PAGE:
China did not start as a major producer of rare earths. India and Brazil were among the first principal producers after World War II, extracting rare earths from placer sand deposits. In the 1950s, South Africa became a dominant supplier when rare earth-bearing monazite was discovered in great quantities in the country. From the 1960s to the 1980s, it was the US’ turn with the Mountain Pass mine in California getting centerstage as a chief producer of REM. China only possesses 37% of the world’s reserves of REM, mostly located in Inner Mongolia, but it began to control 97% of world production since the 1990s. This amazing feat was done gradually overtime and so subtly that it avoided suspicions of other countries, including the US. Initially, China flooded the market with cheap REM shutting down foreign competitors and cultivating world reliance on Chinese supplies. China then began shifting from mere mining and production to processing, penetrating both the upstream and downstream REM sectors. Beginning the 1980s, China commenced to control supply by clamping down on smuggling, illegal production, consolidating operating REM mining companies, imposition of production and export quotas and taxes and restrictions on the issuance of new mining permits . From 2003, China began to decrease exports leading to increased world prices of REM. It was too late for the world to realize what China had achieved and even countries with known REM deposits, like the US, may take years to revive their home-grown REM sector back to its glory days . Hence, for the time being, the world will have to contend with whatever rare earths China will be willing to sell in the market.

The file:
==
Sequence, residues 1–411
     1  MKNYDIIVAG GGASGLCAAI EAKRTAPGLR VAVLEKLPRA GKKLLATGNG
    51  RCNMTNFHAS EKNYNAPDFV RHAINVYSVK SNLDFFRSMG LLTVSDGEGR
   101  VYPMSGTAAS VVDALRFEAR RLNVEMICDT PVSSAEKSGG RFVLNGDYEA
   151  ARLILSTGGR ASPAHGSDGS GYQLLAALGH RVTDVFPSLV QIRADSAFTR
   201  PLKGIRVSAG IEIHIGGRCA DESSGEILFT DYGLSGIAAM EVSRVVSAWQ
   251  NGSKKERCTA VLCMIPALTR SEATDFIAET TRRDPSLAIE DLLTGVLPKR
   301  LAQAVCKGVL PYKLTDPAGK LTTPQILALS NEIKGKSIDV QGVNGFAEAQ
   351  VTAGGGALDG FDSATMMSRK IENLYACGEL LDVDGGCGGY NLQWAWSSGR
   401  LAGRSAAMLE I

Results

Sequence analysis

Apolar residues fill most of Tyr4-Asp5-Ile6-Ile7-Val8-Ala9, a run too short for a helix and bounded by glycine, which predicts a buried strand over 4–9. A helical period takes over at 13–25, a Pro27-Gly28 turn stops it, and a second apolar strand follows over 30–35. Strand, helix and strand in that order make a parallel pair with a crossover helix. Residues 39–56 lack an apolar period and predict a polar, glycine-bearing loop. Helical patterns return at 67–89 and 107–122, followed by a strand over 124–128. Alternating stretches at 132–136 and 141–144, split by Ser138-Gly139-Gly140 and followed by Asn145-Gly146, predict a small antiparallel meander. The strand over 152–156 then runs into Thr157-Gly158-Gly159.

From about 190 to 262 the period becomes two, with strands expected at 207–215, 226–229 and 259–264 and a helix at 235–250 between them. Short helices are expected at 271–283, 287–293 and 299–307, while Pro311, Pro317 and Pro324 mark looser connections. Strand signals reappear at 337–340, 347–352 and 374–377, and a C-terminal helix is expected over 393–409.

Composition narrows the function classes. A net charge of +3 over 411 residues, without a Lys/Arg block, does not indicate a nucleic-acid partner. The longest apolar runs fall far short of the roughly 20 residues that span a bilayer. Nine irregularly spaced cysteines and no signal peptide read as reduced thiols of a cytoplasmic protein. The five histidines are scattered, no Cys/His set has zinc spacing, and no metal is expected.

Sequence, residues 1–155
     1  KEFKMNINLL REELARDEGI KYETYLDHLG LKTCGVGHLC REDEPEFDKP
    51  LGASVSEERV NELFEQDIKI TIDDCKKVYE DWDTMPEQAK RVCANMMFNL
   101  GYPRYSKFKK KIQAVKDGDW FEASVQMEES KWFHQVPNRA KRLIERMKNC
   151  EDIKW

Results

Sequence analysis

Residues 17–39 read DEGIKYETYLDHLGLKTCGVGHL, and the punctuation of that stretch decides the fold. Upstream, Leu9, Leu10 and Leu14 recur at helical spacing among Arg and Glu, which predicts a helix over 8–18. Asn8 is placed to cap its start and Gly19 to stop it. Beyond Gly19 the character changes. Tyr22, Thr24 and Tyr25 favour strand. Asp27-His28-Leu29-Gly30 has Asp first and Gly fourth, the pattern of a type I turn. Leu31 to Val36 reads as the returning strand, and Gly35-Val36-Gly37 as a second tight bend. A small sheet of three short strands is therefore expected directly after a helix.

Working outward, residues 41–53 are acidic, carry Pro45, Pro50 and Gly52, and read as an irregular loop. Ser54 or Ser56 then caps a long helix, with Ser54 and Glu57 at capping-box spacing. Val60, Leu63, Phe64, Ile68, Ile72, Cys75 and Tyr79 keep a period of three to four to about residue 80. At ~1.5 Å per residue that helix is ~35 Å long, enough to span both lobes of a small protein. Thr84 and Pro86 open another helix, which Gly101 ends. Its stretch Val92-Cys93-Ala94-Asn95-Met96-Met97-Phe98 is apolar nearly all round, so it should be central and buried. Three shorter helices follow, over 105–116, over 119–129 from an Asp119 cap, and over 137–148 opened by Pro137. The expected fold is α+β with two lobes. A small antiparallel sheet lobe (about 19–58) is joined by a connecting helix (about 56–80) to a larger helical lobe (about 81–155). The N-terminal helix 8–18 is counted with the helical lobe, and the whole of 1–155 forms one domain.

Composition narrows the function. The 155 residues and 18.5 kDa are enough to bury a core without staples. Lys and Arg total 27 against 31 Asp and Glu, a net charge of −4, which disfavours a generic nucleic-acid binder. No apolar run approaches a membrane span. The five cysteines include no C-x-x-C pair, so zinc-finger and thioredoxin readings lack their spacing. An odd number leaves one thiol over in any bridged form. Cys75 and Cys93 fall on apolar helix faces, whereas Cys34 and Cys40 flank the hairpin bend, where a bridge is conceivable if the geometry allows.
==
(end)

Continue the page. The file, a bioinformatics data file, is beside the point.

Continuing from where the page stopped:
China is now riding high in the position to set prices and dictate its own terms when it comes to the procurement of rare earths. Instead of allowing foreign mining companies to simply use China as a base from which they can exploit local REM for their own profit, Beijing saw an opportunity in controlling the flow of these strategic metals in the long run. Unable to compete with cheaper rare earths coming from China, many rare earth mining companies based in other countries began to transfer operations to China. Beijing welcomed this move and entered into joint ventures with foreign investors but the state retained control over the sector. In time, China had become for rare earths what Middle East is to oil and, by the same token that Arab nations had used oil as a political weapon against Israel and the West in the 1970s, China is also using REM to serve its geostrategic and geopolitical ends. For instance, China cut down on rare earth exports to Japan in 2011 amid a diplomatic row over a ship collision in the contested Senkaku/Diaoyu Islands . Japan had already expressed alarm over China’s REM export controls in WTO and in October 2011, Japan, US and EU met in Washington to discuss China’s rare earth export restrictions and its impact on global supply. REM forms an essential component in many high-end technology products giving China a golden opportunity to develop expertise and global competitiveness in the manufacture of such high-end goods since local manufacturers have the first crack on one of the world’s most sought-after commodities, rare earths. And as world demand for greener energy (i.e. wind power) and state-of-the-art defense systems continues to escalate, rare earth’s importance will continue to soar and so will China’s place in international affairs.